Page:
All-sky cameras are specially built digital imaging devices the purpose of which is continuous visual monitoring of and recording sky conditions at a certain location. While home brew units sometimes rely on standard inexpensive cameras coupled with spherical mirrors and other ingenious optics and camera mounts, professional ones utilise very wide angle fish-eye lenses aimed towards the zenith in order to “directly” cover the entire upper hemisphere.
All-sky all-weather all-seasons...
A common problem one might face when using all-sky cameras is fogging of the optics caused by the necessity that the camera operates outdoors under extreme weather conditions, and usually for weeks or months without any human intervention. We experienced such nuisance with one of the premium models "All-Sky 340" made by SBIG, a very respectable producer of professional astronomical equipment settled in USA. This camera is built rock solid (we are talking of several kilograms of machined aluminium) and its picture quality is superb thanks to a very high quality CCD sensor and crystal clear optics. Although the initial image quality of the camera was excellent, it started to degrade gradually over the first winter of its exploitation at the new astronomical observatory located at the peak of beautiful Vidojevica mountain in southern Serbia. The cause of the problem appeared to be a small amount of water trapped underneath the camera main housing, which served as a reservoir of moisture which eventually managed to find its way into the acrylic dome... Searching over the camera user manual we noticed that SBIG found a feeble 4W built-in heater appropriate for keeping the camera dry at their factory test site, which becomes a bit questionable statement if one remembers that S.B.I.G. actually means Santa Barbara Imaging Group - and that the vast majority of worldwide all-sky camera users actually don’t live in the “Sunny State” of California :)
So unfortunately it appears that the internal heater is unable to prevent neither condensation formation at low temperatures nor snowfall buildup common at European mountain tops in winter months. After an intense brainstorming session, we decided that the first solution to the problem that we should try next spring was boosting significantly the heater power, for two main reasons:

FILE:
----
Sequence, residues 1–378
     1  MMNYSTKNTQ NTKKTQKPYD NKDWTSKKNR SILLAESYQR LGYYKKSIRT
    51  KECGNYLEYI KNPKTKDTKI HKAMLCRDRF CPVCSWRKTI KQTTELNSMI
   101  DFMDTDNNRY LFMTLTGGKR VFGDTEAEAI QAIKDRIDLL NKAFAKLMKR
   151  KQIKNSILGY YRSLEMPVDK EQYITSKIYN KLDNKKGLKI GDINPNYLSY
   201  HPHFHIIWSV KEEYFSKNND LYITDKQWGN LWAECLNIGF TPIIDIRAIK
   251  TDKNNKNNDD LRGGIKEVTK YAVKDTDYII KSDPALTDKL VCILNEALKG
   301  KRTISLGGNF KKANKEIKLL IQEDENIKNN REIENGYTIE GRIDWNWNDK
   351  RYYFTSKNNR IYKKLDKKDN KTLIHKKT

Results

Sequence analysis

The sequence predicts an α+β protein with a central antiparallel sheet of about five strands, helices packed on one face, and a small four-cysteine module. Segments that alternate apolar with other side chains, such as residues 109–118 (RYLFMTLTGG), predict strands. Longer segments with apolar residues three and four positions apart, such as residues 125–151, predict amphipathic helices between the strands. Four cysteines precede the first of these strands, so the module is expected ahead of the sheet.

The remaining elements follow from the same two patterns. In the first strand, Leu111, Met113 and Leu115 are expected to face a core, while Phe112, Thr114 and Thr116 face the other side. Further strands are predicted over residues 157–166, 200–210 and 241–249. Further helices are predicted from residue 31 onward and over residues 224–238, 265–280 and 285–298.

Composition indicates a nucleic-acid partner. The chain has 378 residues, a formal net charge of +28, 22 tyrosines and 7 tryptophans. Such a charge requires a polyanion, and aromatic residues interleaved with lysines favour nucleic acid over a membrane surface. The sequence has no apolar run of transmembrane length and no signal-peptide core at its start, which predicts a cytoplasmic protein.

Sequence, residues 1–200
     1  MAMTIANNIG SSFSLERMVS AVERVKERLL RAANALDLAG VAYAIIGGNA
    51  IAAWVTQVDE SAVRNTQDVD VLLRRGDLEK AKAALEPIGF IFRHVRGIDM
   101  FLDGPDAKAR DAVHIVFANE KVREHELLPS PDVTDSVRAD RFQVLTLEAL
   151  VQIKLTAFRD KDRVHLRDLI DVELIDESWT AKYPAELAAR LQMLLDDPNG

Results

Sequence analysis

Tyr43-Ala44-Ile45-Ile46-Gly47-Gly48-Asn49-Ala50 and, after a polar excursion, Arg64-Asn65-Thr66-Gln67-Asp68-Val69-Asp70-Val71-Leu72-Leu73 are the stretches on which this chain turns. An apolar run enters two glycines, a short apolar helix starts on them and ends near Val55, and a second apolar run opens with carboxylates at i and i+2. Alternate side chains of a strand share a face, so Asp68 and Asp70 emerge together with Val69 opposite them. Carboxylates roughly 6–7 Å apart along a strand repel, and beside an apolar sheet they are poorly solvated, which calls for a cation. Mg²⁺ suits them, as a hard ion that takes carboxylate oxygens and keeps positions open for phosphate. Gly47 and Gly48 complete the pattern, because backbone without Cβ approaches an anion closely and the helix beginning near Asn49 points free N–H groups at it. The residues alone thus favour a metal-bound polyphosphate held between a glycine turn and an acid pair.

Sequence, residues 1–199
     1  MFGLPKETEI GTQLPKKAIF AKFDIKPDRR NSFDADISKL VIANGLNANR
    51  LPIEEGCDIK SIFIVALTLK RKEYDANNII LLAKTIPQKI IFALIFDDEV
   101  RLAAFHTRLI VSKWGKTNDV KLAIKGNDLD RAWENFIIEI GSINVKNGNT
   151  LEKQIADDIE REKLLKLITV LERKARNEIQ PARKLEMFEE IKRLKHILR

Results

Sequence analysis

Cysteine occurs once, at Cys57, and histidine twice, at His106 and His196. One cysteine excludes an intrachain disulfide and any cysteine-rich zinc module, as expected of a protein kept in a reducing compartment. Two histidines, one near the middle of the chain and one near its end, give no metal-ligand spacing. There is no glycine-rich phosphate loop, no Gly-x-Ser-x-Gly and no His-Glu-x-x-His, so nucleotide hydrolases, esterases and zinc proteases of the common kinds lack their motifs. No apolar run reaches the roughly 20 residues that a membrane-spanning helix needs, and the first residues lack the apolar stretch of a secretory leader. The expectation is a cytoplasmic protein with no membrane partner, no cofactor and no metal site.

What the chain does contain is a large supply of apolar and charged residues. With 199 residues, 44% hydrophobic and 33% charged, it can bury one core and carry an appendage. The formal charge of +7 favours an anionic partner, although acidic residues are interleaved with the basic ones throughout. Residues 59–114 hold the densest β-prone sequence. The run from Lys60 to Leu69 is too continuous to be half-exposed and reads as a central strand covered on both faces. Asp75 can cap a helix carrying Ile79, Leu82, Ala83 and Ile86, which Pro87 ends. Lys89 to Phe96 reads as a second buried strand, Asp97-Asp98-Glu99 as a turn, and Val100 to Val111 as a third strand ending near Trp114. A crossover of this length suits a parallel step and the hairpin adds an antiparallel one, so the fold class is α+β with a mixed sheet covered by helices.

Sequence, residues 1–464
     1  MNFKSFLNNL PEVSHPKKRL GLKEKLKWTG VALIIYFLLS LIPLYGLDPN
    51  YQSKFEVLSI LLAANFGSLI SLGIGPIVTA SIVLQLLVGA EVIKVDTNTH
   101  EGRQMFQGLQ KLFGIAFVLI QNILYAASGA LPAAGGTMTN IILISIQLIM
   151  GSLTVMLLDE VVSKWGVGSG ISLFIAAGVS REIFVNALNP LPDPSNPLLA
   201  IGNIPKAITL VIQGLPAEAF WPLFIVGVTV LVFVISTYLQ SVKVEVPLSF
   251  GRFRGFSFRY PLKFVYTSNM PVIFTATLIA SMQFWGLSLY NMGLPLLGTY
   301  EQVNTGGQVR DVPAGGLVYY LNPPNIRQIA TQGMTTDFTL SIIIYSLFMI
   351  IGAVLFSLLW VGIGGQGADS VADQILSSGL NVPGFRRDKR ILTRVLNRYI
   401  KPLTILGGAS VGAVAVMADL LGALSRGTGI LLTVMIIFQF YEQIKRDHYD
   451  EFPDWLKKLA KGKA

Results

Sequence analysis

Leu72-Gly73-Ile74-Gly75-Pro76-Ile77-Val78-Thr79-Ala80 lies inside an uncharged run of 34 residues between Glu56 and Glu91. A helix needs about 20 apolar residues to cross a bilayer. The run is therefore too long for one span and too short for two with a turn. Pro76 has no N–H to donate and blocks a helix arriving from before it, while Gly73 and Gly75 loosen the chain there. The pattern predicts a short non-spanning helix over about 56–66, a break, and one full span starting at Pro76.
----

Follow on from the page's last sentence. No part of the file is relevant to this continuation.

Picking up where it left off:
Air inside the small camera dome should never be let to become so cold that the moisture it contains condenses over the lens and the internal surface of the protective camera dome.
Snow that falls onto the dome should be melted and then gradually evaporated away from the outher surface of the dome, otherwise a personnel would have to periodically climb the roof of the main building and free the camera from contamination by hand.
In addition, we decided to insert a thin plastic tube into the camera dome and lead the other end of it into the nearby room of the main building. The idea was that if for whatever reason additional heating proved not to operate as expected so water condensed onto surfaces inside the dome, one would be able to easily, without climbing the snowy roof, insert the tube into a sealed box containing desiccant and “remotely” extract the excess moisture out of the dome. As of December 2013, after several months of operation, there was no need to activate the tube so we assume that the additional heater alone does the job well. In the rest of this article we describe the simple circuit that drives it and the control algorithm behind it.
Because secondary heater will have to be able to not merely warm the air inside the dome a bit but as well to melt the appreciable amount of snow that falls onto the dome, it has to be significantly more powerful than the 4W original one. But as the dome is made out of clear acrylic plastic that melts at not so high temperatures, one has to be cautious when firing the heater. Had the manufacturer provided a means of automatic control of the built-in heater, it would have been a trivial task to piggyback a power transistor or a relay onto it and let the original electronics turn both heaters on and off simultaneously. But unfortunately the primary heater can only be controlled manually (using the dedicated PC application) or via a predefined timed sequence, without any data being available about the temperature of either the camera or its dome.
The solution to the problem is presented in the diagram above. The additional heater operates in a semi-automatic mode i.e. it “listens” to the primary heater and lets it govern the operation but only if the temperature is inside a safe range set in advance. If dome temperature falls below the lower threshold or rises above the upper one, the secondary heater operates autonomously.
If temperature inside the dome is below +5°C, secondary heater is turned on, even if the primary heater is currently off. This prevents snow buildup and keeps surfaces inside the dome ice free. If temperature is above +5°C but still below +35°C, secondary heater follows the operation of the primary i.e. only if the primary is on, so is the secondary. If temperature reaches +35°C threshold, secondary heater turns off in order to prevent possible damages to the dome or camera electronics.